Monday, February 6, 2017

Never say, “I wish I had visited the Ice Castle in Lincoln, New Hampshire


The Ice Castle is located on the west end of the Kancamagus Highway in the White Mountains of northern New Hampshire.

The Ice Castle web site is http://icecastles.com/lincoln/.  Below is a short video of our trip.


As I shared the above video among friends, I keep getting one inquisitive question on our Ice Castle visit. "Will icicles fall on me? Here is a picture I took looking up at hanging icicles as we roam in the Ice Castle:

Below is the answer I copied from the Ice Castles web site Frequently Asked Questions (http://icecastles.com/faqs/

"There are several reasons why Icicles at the Ice Castle do not have these problems, and do not fall like icicles attached to a roof:

  • Icicles at the Ice Castle are attached to ice. This means there is no weak point (i.e. a roof) limiting the strength of the structure.
  • Connection points of icicles at the Ice Castle are proportional to the icicle. This means that the base of the icicle at the Ice Castle is the strongest, because it is the largest in mass and diameter.
  • There is no dark material at the base of all the icicles at the Ice Castle that will heat up and cause melting.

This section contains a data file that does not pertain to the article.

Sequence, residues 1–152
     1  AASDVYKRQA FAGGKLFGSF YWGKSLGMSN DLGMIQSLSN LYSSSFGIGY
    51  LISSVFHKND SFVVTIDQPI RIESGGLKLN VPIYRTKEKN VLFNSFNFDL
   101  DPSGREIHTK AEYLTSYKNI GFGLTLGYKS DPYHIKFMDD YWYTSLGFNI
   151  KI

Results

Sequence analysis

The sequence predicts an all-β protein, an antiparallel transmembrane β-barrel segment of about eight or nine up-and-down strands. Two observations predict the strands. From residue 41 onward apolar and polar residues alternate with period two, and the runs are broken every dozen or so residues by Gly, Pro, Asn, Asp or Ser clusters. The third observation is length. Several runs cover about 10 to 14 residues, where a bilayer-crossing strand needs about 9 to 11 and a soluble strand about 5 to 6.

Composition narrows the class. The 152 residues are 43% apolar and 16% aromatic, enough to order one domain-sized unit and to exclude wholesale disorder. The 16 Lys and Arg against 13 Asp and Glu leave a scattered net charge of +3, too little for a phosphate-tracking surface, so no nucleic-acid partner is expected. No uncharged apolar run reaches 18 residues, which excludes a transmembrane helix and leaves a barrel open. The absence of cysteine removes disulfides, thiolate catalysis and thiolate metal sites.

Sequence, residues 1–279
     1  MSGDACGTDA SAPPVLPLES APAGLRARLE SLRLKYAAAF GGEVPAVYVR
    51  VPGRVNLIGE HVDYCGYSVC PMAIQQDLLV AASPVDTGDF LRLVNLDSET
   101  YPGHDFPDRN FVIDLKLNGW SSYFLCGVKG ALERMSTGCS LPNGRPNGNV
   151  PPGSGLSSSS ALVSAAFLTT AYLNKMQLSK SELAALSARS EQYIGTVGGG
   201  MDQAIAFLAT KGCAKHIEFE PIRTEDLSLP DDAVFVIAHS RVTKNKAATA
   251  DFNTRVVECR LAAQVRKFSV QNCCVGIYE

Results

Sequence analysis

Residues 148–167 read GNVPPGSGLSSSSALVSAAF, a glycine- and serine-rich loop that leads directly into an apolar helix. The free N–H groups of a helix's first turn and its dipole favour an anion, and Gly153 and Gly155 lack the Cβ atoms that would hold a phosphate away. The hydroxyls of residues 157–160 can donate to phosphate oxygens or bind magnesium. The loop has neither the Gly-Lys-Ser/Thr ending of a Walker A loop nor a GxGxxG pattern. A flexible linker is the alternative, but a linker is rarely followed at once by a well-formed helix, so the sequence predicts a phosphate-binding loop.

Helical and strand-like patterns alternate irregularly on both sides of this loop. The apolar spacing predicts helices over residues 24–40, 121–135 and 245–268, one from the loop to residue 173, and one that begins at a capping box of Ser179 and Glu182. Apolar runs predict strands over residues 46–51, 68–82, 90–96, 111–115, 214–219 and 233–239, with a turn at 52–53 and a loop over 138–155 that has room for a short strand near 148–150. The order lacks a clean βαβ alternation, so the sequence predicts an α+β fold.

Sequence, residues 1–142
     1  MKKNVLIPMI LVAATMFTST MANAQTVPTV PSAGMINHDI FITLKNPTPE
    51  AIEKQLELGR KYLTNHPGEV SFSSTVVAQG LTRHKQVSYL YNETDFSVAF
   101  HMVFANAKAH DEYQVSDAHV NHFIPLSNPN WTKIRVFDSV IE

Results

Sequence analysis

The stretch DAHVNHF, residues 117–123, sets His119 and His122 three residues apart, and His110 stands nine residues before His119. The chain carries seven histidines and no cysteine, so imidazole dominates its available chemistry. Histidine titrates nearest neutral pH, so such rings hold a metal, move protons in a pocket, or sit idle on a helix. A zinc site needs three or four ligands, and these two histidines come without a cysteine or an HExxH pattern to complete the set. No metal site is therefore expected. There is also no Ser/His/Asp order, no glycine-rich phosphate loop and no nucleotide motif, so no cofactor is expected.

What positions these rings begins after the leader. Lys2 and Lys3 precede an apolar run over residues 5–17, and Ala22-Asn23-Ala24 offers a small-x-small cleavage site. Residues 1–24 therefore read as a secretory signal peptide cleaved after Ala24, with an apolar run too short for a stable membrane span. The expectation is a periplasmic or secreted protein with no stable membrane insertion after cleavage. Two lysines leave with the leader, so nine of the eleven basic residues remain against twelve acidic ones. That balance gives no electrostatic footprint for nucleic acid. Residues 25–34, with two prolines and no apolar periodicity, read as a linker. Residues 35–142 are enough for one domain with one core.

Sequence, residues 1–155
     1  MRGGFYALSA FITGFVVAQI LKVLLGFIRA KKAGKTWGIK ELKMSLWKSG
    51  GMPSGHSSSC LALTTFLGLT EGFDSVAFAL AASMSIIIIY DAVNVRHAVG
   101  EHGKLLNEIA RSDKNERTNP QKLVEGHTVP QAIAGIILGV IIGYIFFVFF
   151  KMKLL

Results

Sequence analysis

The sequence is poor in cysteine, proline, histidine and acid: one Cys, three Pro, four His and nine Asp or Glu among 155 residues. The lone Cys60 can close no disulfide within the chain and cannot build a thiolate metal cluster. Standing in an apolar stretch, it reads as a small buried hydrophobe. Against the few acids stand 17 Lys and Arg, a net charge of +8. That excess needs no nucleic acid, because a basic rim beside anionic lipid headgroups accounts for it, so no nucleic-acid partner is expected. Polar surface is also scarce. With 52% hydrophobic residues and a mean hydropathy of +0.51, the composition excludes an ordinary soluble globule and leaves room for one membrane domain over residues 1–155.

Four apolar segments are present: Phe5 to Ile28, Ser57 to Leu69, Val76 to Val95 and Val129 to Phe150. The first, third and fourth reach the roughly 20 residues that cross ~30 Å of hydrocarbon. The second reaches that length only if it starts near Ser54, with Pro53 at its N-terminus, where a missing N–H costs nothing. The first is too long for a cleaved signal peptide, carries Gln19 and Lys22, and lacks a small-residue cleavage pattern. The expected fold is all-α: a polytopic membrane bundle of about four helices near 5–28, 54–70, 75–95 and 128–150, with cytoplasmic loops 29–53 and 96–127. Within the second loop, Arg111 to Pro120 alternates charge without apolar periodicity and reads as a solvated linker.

• When Icicles at the Ice Castle melt, they melt per the laws of nature. This means that the smallest parts of the icicle melt first and it will take more time for the ice in the center of the icicle to melt. On a warm day, the icicles will melt from the bottom up. The smallest parts of the icicles will drip and turn to slush. The slush at the end may fall in small pieces. Guests visiting on days where the temperature is sunny and above freezing will get dripped on, and occasionally small masses of slush will fall."
We know icicles attached to roofs in New Hampshire may be dangerously heavy and knife shaped. You most assuredly do not want to be under a falling icicle. The FAQ explains roof attached icicles:
"Icicles attached to roofs almost always will fall. There are several reasons that Icicles attached to man-made structures will fall. Here are some of them:
The connection point of the icicles to the roof is inherently weak and it is usually not proportional to the icicle.
·         The connection point of the icicle (dark shingles) absorbs heat from the sun and causes that point to melt first.


·         The icicles usually fall when the weather warms up. The way it happens is that snow on the roof melts causing water to run past the small connection points of icicles causing melting at the base of icicles attached to roofs. The base of the icicle (which is usually smaller in mass, diameter, and width) melts faster than the large hanging portions of the icicles and the icicles fall."

Making Maintenance Ice

How do they make Ice Castles?
I found a video from 2015 showing how the Lincoln Ice Castle is made:  https://www.youtube.com/watch?v=lYxT6iCUmjI

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